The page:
Anti-trust actions, anti-corruption drives and safety issues have made corporate life for foreign firms in China tougher than 10, 15 years ago. Whether they will actually leave China in larger numbers depends on how the costs of doing business develop, writes financial analyst Sara Hsu in the Diplomat.
Six years after introducing anti-trust legislation, China´s authorities have started to use those tools. Foreign firms fear they are targets, but business analyst Ben Cavender sees at CNBC another reason: the growing anxiety at the central government for the huge inequality in China´s incomes.
China’s laws have not kept pace with its rapidly evolving retail sector. A major overhaul of consumer protection legislation is set to take effect on March 15, 2014. In short the Revision basically changes everything for consumers in China. As always, only time will tell as to how it is implemented but the intent is clear – consumers will be given greater protection, writes Mark Schaub, lawyer at King&Wood and Malleson.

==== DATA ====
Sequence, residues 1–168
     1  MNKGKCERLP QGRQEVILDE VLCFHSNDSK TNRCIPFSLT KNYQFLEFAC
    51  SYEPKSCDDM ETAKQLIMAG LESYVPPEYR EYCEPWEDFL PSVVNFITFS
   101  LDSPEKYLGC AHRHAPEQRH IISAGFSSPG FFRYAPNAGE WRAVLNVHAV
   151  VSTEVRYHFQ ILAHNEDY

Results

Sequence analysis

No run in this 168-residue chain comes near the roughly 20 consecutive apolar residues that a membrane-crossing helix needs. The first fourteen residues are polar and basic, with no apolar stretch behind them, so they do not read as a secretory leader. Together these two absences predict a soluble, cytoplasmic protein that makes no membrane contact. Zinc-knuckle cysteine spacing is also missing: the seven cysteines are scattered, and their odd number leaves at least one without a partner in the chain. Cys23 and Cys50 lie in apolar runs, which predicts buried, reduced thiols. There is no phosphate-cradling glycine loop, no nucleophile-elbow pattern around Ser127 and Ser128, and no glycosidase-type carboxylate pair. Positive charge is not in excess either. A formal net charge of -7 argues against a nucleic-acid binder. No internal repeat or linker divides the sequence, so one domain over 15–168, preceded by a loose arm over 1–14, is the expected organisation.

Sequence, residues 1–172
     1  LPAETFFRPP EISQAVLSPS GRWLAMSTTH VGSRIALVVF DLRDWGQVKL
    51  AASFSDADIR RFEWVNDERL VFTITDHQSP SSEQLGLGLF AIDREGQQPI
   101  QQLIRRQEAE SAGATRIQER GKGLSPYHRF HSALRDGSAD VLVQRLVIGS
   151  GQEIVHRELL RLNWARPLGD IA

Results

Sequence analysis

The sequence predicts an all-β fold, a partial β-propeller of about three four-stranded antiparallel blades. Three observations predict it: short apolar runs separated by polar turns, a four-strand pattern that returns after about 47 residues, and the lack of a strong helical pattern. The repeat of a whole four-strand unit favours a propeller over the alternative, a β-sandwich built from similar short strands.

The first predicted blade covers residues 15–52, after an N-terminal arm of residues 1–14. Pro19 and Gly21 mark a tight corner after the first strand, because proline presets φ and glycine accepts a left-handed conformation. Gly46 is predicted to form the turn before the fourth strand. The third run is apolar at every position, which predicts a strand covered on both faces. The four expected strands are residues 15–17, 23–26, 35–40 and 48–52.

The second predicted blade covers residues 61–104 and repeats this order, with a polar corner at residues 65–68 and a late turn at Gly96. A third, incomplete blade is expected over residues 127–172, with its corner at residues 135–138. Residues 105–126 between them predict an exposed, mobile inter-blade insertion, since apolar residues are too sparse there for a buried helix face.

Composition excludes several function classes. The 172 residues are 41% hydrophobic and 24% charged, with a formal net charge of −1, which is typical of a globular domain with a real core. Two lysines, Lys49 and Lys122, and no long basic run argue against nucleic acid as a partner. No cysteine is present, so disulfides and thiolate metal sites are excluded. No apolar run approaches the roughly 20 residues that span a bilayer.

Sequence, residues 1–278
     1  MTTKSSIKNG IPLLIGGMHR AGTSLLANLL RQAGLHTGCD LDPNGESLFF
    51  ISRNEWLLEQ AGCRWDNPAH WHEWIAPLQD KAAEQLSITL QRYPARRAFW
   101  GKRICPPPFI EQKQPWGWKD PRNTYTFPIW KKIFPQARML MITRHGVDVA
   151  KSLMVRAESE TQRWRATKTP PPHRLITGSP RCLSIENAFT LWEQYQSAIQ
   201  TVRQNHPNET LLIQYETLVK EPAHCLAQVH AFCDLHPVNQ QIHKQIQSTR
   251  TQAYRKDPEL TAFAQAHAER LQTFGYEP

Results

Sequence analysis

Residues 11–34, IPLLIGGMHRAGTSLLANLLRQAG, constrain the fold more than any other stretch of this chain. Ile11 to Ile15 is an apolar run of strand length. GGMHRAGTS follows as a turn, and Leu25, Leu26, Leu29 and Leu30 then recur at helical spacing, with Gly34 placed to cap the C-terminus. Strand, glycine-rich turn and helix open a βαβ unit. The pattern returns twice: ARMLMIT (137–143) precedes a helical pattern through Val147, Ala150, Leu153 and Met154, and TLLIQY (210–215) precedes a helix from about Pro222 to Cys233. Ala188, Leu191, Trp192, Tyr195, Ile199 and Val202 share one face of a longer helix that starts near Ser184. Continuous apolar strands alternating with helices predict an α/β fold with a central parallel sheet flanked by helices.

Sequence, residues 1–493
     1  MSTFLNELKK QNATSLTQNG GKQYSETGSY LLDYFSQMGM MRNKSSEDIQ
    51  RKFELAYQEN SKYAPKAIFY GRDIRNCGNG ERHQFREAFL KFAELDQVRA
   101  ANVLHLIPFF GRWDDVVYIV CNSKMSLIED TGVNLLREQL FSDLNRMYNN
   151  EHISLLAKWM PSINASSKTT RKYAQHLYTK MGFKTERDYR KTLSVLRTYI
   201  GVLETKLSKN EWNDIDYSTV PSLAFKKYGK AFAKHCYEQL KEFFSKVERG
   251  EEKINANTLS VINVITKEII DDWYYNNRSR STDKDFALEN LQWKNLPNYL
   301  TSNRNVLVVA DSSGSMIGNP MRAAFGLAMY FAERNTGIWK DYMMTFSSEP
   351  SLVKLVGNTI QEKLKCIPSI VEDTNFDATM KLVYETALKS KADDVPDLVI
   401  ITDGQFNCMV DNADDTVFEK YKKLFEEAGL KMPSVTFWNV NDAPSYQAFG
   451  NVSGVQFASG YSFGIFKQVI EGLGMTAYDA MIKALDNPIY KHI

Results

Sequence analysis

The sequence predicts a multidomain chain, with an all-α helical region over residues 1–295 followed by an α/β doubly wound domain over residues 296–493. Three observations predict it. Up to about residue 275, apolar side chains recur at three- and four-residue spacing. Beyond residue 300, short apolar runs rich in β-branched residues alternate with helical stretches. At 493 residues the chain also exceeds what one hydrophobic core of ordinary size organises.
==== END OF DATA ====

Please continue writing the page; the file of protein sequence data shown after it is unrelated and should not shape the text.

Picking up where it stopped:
Mark Schaub a partner at King & Wood and Mallesons, the largest law firm in China and Australia combined. He is a prolific speaker who wastes no time in avoiding the real challenges in doing business in China.
As a lawyer he had extensive experience in negotiating deals, firing people and otherwise dealing with the ignorance of companies entering the Chinese business minefield. He travels from Shanghai